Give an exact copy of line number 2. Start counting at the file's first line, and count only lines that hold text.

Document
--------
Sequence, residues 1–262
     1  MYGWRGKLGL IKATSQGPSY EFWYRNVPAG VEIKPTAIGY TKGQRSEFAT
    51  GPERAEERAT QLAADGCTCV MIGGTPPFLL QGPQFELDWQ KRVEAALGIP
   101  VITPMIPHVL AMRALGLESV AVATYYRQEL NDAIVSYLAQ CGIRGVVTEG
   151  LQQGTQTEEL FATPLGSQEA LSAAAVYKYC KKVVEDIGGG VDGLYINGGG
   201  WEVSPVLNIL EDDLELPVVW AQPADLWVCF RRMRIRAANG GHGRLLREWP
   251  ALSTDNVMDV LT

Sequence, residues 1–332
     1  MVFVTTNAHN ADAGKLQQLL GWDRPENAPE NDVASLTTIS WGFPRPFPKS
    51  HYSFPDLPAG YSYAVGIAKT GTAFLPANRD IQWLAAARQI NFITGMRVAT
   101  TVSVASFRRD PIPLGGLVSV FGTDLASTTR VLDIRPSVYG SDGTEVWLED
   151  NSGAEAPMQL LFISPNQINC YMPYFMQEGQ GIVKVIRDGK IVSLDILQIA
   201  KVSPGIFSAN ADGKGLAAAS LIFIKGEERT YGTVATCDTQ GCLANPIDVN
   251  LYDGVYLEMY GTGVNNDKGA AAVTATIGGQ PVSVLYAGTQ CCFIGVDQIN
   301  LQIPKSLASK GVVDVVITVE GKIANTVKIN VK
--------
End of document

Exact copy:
     1  MYGWRGKLGL IKATSQGPSY EFWYRNVPAG VEIKPTAIGY TKGQRSEFAT